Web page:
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It seems like i'm having a bit of a discrepancy between the behavior of ssh-agent for two accounts I have configured.

I wrote a simple monitoring script to check on the availability of some VMs we have running. I did all the testing and debugging with my main access account. In the process, I generated an SSH keypair, kicked off ssh-agent, and added the identity to the agent to allow for the script to ssh without the need for a password.

Now, I would like to run this script as a service account user. I created the service account, and to generate the keys temporarily set the login shell to /bin/bash. I generated my keys, removed the passphrase, and added the identity to the agent.

The discrepancy seems to be with how the shell connects to the agent. In my user account, I haven't had to restart the agent since I started testing (about two weeks). But, when I attempt to run the script under the service account, I seem to have to restart the agent each time, add the identity, and then perform the work.

Ideally I would like the agent to run indefinitely and have the service account reconnect to it automatically whenever the script runs so I don't need to manage processes within the script. I've looked at the configurations of each account and can't find any differences. Any insight would be greatly appreciated.

**Edit: I forgot to point out that the agent does continuously run, but shell processes for the service account do not seem to be utilizing it and a new one has to get started:

ovmmon   14043  0.0  0.0  53916   204 ?        Ss   May17   0:00 ssh-agent
ovmmon   14952  0.0  0.0  53916   204 ?        Ss   May17   0:00 ssh-agent
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How are you starting the agent in the service account? –  Jenny D May 20 '13 at 13:34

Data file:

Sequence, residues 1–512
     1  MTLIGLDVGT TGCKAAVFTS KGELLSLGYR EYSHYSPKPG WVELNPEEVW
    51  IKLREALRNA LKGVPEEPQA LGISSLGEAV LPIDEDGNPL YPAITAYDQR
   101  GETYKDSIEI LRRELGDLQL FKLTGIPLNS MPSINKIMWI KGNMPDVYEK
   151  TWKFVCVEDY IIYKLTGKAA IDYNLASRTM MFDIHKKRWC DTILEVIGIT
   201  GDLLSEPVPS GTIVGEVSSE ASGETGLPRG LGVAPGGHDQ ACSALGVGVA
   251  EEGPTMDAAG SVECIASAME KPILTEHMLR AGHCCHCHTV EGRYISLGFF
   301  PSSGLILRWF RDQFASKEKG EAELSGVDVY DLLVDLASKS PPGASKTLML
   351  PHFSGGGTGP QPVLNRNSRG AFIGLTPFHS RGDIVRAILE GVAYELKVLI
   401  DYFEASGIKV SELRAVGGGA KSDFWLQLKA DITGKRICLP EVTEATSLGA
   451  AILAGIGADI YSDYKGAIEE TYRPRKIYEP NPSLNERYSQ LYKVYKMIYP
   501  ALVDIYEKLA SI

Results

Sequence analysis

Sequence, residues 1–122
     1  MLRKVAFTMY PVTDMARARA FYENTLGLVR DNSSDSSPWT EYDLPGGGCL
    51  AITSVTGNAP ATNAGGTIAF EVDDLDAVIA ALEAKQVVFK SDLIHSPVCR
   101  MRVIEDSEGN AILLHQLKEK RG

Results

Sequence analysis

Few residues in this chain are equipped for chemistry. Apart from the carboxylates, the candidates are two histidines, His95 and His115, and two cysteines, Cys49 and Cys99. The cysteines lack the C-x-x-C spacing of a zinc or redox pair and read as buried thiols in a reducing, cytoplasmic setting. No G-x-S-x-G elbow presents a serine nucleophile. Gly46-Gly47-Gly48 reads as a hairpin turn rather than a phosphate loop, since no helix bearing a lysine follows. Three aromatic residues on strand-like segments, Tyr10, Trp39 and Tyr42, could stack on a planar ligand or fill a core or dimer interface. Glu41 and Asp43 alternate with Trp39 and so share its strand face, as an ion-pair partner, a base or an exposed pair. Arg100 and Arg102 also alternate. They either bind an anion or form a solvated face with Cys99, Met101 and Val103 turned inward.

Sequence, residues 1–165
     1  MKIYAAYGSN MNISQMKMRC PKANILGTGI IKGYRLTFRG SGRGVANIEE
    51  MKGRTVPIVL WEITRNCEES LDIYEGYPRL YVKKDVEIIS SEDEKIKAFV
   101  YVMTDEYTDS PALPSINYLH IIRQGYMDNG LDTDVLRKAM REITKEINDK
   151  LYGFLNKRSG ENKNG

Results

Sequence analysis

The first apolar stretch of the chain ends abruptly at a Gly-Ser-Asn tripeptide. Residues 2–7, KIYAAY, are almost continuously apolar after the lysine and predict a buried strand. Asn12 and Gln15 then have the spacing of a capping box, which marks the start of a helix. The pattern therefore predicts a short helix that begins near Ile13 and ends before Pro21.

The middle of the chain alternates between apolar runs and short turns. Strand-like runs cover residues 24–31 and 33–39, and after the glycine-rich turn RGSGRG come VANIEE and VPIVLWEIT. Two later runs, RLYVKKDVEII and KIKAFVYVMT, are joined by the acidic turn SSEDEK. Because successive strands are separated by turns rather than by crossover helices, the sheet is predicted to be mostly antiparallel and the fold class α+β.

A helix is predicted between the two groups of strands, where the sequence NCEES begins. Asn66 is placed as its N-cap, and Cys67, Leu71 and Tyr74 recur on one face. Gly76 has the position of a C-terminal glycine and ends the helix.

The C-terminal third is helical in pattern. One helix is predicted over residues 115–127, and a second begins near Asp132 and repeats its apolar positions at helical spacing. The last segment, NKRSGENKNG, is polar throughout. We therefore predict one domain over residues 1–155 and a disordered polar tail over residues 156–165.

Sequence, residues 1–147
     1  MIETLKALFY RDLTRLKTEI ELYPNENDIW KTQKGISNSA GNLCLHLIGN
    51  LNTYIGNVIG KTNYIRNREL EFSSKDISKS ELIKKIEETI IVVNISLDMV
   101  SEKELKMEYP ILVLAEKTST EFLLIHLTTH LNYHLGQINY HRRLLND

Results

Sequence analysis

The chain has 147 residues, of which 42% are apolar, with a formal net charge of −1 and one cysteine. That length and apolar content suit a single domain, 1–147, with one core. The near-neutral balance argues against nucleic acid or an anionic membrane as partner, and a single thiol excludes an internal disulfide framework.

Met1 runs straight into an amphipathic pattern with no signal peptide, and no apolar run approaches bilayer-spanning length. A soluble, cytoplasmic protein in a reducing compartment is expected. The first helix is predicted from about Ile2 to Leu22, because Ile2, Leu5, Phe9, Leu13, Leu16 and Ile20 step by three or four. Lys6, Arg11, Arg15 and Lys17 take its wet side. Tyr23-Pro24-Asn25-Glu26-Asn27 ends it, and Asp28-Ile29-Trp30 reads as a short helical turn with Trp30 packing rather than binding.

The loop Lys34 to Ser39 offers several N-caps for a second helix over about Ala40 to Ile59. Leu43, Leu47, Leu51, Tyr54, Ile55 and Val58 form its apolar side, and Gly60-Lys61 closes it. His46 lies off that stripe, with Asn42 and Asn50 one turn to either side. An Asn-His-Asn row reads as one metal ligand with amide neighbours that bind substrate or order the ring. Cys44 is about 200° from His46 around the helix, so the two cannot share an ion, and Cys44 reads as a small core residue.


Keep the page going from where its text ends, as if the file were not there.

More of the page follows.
The same way I started it in the user account - just issuing the command ssh-agent bash and then ssh-add ~/.ssh/admin –  tdk2fe May 20 '13 at 13:39
1  
I generated my keys, removed the passphrase - If you keys do not have a pass-phrase, then you really don't need an agent. Just setup an ssh config file under your service account with an IdentityFile option specifying the path to the keys. If that still doesn't help, then login as the service account and try connecting to ssh with the -vv option to get verbose output. –  Zoredache May 20 '13 at 16:26
    
That's a good point. I suppose since i'm merely connecting to the localhost from a service account, exposing the private key without an agent isn't a huge concern here. For future reference - I added the following flag to my ssh command: ssh -i ~/.ssh/admin (admin is the file I named when generating the key) –  tdk2fe May 21 '13 at 13:21

2 Answers 2

up vote 4 down vote accepted

One of two things is happening here:

  1. The ssh-agent is actually being closed when you logout
  2. The ssh-agent is still running, but you're losing the information about its PID and pipe

You can check which one is the case by doing a ps -ef and check for ssh-agent.

If the ssh-agent is dead, you need a way to keep it alive. Here are three ways of doing that:

  1. You can start the ssh-agent from a startscript when the server is booted, and echo the output to a file (with appropriate access rights to prevent it being misused). If you make the key passwordless, you can add the key from the script, too. (Obviously the last part is only advisable when the account you're connecting to has very limited rights on the remote server). Then have your script read the SSH agent information from the file created on startup.
  2. Use screen when you login to the service account; then disconnect from the screen session once you've started the agent.
  3. Use nohup when starting the agent.

If the ssh-agent isn't dead, but you've lost the environment information, make sure that when you start it you have it write its environment variables to a specific file. Then, when logging in, have your shell source that file.

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If you are using a sub-shell invocation method, the ssh-agent will die upon logout of the shell. If you use eval method, the shell will stay running until manually terminating.

See: http://docstore.mik.ua/orelly/networking_2ndEd/ssh/ch06_03.htm

Specifically: http://docstore.mik.ua/orelly/networking_2ndEd/ssh/ch06_03.htm#ch06-50031.html

Also, I know when running from cron ENV variables can cause issues. So that is another area to check.

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